Let A, B be two sets. Prove that $A \subset B \iff A \cup B = B$

I'm thinking of using disjunctive syllogism by showing that $\neg \forall Y(Y \in A).$ However, I'm not sure how the proving steps should proceed such that it leads me to that premise.

Edit: Hey guys, thanks for the input. FYI, I need to prove this using predicate logic.

  • $\begingroup$ Just take into account that always $\,A\subset A\cup B\,$ ... $\endgroup$ – DonAntonio Sep 11 '12 at 16:23
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    $\begingroup$ Well @uohzxela, now you know...it's important as people volunteering their time and knowledge here want to know both their effort's appreciated and whether their answers are well understood by the OP $\endgroup$ – DonAntonio Sep 11 '12 at 16:30
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    $\begingroup$ What's disjunctive syllogism (am joking)? To a mathematician, the first question is not "what tool shall I use?" It is "what's happening here?" So one draws a picture. Then the picture guides one to a proof. $\endgroup$ – André Nicolas Sep 11 '12 at 16:40

Taking the "longer" road. Let us review the definitions:

  1. $A\subseteq B$ if and only if for every $x\in A$, $x\in B$.
  2. $x\in A\cup B$ if and only if $x\in A$ or $x\in B$.
  3. $A=B$ if and only if $A\subseteq B$ and $B\subseteq A$.
  4. $P\iff Q$ means that if we assume that $P$ holds, then $Q$ must hold; and vice versa.

Now assume $A\subseteq B$. This means that for every $x\in A$ we have $x\in B$. We want to show that $A\cup B=B$.

  • So we take $x\in B$, then $x\in A$ or $x\in B$, and therefore $x\in A\cup B$.
  • Now take $x\in A\cup B$, we want to show that $x\in B$. By definition either $x\in A$ or $x\in B$.

    • If $x\in B$ we are done.
    • If $x\in A$ then by the assumption that $A\subseteq B$ we have that $x\in B$.

    Either way we have that $x\in B$.

We have shown that if $A\subseteq B$ then $A\cup B\subseteq B$ and $B\subseteq A\cup B$, which is by fact number $3$ to say $A\cup B=B$.

Now we need to assume that $A\cup B=B$, and deduce that $A\subseteq B$. So we need to show that if $x\in A$ then $x\in B$.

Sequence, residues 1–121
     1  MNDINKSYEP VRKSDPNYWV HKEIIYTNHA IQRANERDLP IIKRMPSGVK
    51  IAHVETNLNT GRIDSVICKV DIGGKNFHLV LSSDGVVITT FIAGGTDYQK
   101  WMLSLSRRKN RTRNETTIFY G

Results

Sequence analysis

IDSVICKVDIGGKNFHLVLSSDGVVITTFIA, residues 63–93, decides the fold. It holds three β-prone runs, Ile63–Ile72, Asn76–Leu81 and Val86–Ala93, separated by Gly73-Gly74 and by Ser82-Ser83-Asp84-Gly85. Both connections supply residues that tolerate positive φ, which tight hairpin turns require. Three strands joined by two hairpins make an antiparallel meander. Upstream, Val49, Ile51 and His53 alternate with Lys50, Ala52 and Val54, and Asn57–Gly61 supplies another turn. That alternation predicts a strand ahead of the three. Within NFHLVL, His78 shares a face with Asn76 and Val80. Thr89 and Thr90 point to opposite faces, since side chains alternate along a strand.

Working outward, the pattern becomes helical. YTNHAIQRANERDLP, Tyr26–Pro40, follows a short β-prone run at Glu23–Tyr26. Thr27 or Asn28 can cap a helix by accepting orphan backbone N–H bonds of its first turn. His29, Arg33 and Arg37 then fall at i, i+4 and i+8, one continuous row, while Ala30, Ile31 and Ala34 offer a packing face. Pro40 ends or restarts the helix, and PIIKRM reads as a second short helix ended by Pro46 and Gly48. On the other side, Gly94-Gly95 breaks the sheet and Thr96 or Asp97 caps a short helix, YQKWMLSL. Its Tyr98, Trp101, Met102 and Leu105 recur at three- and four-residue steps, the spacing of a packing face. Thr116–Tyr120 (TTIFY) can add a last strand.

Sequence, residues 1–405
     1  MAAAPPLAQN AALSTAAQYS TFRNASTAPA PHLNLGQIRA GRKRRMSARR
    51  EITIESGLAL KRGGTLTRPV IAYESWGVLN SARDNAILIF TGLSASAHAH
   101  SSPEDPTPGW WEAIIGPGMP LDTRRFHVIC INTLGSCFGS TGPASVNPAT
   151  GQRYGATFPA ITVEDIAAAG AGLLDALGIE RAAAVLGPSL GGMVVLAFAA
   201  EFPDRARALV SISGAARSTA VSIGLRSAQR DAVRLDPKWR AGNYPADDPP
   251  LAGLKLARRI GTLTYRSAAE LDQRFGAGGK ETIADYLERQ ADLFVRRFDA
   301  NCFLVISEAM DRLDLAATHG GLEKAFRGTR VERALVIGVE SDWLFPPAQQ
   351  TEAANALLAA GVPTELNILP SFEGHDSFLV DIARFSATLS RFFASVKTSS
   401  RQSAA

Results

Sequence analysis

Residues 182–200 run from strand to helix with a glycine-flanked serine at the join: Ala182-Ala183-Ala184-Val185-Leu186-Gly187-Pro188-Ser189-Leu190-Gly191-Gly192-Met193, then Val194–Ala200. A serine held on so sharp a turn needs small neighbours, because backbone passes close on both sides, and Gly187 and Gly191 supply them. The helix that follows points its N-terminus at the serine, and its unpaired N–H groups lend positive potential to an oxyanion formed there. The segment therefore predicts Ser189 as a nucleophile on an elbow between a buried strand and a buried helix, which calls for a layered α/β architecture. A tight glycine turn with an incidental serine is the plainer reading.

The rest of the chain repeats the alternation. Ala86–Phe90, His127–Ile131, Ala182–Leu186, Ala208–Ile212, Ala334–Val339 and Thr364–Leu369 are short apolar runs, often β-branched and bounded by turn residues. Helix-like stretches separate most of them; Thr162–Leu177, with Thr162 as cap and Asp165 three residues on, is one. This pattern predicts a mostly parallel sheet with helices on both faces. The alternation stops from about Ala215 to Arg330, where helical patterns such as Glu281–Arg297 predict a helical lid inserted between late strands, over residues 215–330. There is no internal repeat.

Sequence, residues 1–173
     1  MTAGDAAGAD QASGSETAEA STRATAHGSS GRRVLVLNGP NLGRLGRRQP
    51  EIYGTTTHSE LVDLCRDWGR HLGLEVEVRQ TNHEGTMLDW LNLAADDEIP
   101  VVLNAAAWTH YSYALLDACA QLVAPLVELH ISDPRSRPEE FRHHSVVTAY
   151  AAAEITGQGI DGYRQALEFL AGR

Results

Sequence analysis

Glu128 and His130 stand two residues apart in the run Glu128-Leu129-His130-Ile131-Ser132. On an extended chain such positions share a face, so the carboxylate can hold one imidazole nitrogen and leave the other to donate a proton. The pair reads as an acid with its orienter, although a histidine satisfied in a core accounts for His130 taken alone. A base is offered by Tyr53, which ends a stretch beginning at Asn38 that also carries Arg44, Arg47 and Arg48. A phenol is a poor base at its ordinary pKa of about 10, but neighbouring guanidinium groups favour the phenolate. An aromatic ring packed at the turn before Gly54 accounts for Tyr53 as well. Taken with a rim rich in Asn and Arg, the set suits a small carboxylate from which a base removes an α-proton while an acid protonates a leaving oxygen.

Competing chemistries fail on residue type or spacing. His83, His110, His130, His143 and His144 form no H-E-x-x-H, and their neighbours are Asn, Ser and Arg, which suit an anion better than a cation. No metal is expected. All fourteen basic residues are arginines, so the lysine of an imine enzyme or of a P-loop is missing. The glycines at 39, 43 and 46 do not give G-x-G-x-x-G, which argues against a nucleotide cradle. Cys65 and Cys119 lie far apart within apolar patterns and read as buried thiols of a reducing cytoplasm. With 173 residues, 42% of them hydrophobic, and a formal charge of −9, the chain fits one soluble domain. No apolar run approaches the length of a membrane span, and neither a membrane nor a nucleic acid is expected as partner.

Take $x\in A$ to be an arbitrary element. Because $x\in A$ we have that $x\in A$ or $x\in B$, and therefore $x\in A\cup B$. The assumption was, however, that $A\cup B=B$ and therefore we have that $x\in B$ as wanted.

  • $\begingroup$ Your answer is very comprehensive and well-explained. Thank you. $\endgroup$ – uohzxela Sep 11 '12 at 16:59
  • $\begingroup$ In your last sentence, assuming that A is contained in B, then you take an arbitrary element of A, why you say that "X belongs to A OR X belongs to B". Shouldn't it be an AND? Because A is assumed to be contained in B. Please explain, I'm learning $\endgroup$ – JorgeeFG Oct 13 '15 at 1:14

Let $A\subset B$. Since $B\subset B$, we have $A\cup B\subset B$. Clearly, $B\subset A\cup B$. Hence $A\cup B=B$.

Let $A\not\subset B$. Then there is some $x\in A$ with $x\not\in B$. Clearly, $x\in A\cup B$. Hence $A\cup B\neq B$.

  • $\begingroup$ Good Will Hunting, good! $\endgroup$ – Graphth Sep 11 '12 at 16:54
  • $\begingroup$ Short and sweet! Thank you! $\endgroup$ – uohzxela Sep 12 '12 at 2:12

Here are the (very straightforward) first steps you should have thought of beginning with:

In one direction, suppose $A\subseteq B$: then $A\cup B\subseteq B\cup B\dots$

In the other direction, suppose $A\cup B=B$: then $A\subseteq A\cup B\subseteq\dots$


For the first implication a draw can help us: enter image description here

and now it is obvious.

Now conversely, we have:

$A \cup B =B \Rightarrow$ $A \cup B \subset B \tag{1}$ and $B \subset A \cup B\tag{2}.$ We need only the relation $(1)$ which help us to conclude that: $A \subset B.$


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